The piece is an oil on canvas painting, created by the artist between 1865-1873.

The first exhibition of the painting took place in 1880, as Manet showcased his work through a personal exhibition within his studio. The painting is currently held at the Musee d’Orsay in Paris, France.

The muse behind the painting is Edouard Manet’s wife, Suzanne Manet, on a couch with their son Leon standing in the background reading a book.

Manet had used his son Leon in a few of his prior paintings, including The Lunch, The Boy Carrying The Sword and The Bubbles of Soap. Manet’s wife Suzanne was also a reoccurring muse for the artist.

During the time period, Manet had shifted his style into the warmer tones of impressionist painting, which was popular during the era.

Manet had transformed his work into more intimate pieces, showcasing a significant amount of detail. The Reading illustrates this shift as Manet manifests a woman sitting on a couch starring at the viewer. The muse is dresses in a sheer flowy white dress, layered in shades of grey.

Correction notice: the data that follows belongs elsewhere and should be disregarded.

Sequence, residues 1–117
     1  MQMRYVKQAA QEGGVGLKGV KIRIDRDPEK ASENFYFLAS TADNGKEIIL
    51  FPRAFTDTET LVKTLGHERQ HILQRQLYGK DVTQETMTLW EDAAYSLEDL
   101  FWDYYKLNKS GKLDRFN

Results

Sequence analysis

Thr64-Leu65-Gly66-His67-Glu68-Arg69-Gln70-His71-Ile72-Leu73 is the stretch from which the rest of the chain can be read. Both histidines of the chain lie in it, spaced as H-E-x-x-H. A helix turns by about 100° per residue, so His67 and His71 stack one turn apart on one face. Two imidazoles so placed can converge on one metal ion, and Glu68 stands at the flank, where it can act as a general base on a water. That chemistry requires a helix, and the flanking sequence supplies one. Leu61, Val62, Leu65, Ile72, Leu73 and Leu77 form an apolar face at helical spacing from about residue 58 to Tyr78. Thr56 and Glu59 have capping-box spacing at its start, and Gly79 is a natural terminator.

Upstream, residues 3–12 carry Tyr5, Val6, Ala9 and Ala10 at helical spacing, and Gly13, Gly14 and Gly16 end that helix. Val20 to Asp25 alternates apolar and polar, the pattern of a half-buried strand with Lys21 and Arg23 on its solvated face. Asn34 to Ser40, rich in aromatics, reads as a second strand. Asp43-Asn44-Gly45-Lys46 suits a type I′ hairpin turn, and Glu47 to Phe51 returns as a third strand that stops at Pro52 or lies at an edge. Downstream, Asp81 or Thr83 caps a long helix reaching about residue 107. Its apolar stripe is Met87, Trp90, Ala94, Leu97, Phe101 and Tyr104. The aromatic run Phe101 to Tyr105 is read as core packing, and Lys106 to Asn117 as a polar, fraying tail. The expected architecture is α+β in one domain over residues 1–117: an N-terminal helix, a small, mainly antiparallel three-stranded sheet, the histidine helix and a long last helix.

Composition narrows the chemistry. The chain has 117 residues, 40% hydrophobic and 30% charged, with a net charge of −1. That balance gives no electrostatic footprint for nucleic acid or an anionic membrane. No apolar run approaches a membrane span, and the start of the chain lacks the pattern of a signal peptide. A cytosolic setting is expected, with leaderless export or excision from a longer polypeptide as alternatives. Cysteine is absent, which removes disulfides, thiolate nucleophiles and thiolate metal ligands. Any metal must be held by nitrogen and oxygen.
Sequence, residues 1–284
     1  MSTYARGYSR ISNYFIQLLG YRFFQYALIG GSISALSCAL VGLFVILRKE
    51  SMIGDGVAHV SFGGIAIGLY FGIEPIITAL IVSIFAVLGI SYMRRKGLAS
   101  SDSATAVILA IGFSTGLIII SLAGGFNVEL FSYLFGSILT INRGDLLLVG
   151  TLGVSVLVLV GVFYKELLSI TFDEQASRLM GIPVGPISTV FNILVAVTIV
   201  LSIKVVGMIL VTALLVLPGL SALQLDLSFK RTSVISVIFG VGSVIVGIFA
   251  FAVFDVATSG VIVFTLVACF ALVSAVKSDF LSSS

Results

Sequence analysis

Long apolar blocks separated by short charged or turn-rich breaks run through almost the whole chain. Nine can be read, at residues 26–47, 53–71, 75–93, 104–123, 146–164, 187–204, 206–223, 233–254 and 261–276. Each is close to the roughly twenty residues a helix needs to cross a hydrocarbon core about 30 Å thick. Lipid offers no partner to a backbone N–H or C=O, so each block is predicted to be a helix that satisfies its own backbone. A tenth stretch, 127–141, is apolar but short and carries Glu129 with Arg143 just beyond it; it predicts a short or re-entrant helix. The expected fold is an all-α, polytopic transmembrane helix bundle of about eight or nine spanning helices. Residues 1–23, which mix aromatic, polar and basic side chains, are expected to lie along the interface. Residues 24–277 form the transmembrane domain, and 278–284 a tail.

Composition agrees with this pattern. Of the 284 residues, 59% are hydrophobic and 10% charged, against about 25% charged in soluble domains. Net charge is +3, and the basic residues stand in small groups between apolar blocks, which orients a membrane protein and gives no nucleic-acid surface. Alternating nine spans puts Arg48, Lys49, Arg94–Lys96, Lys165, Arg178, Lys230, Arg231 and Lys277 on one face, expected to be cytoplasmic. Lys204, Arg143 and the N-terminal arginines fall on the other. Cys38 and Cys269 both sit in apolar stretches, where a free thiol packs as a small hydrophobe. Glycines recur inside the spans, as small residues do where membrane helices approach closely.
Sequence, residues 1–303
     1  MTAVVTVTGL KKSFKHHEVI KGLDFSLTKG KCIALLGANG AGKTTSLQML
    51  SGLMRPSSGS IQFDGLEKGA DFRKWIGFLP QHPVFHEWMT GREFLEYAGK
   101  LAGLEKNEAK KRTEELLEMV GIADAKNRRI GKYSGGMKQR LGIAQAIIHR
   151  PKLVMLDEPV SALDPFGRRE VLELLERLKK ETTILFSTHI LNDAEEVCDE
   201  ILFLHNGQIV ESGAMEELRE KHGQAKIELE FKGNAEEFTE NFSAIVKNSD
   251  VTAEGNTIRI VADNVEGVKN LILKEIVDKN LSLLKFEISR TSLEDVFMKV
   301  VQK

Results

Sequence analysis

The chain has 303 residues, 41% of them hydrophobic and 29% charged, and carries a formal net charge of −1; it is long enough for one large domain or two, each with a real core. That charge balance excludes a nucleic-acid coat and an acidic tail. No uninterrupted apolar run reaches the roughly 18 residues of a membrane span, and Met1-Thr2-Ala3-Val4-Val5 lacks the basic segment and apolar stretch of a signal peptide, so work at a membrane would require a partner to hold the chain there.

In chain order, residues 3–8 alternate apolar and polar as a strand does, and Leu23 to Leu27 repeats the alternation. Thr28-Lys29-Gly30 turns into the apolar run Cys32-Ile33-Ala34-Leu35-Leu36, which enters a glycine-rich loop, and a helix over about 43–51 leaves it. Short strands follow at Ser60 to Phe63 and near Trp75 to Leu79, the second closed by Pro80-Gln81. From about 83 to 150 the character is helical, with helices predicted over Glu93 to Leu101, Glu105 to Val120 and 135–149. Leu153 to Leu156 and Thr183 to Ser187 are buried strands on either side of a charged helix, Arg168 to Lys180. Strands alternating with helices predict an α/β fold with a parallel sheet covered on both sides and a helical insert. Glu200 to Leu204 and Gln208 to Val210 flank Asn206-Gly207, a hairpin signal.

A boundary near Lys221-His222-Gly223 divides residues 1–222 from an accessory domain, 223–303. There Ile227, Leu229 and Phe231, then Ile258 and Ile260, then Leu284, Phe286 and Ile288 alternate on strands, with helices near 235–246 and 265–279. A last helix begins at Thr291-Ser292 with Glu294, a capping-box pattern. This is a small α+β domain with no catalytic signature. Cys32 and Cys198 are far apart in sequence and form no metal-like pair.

The dress is painted in an immense amount of detail, highlighting and contouring every fold in the fabric. The couch on which the model sits upon continues in a similar fabric, white grey chiffon. The woman carries a few black details, which includes a thin black belt, and a black-bedded necklace.

The curtains in the background seem to continue this light grey fabric, however seems to be based on more of a lace material. This warm tone accentuates the painting, creating a calm allure as the woman stares at the viewer. The woman holds an incredibly monotone expression on her face, neither happy nor sad.

The individual in the background of the painting seems to look like a man, however is the Manet’s son. He is engulfed by the book he is reading, however holds the pose as he places a hand on the couch.

The plant within the painting adds the element of life to the posed bodies within the piece. The dark background wall generates a strategic contrast between the curtains, illustrating the different shades of grey fabric found within the piece.

The face of Manet’s wife is drawn to conclude as the focal point of the piece as her skin is illuminated in warm colours compared to the rest of the piece. Her light brown hair gently adds a welcoming essence to her, as he small eyes beam into the viewers.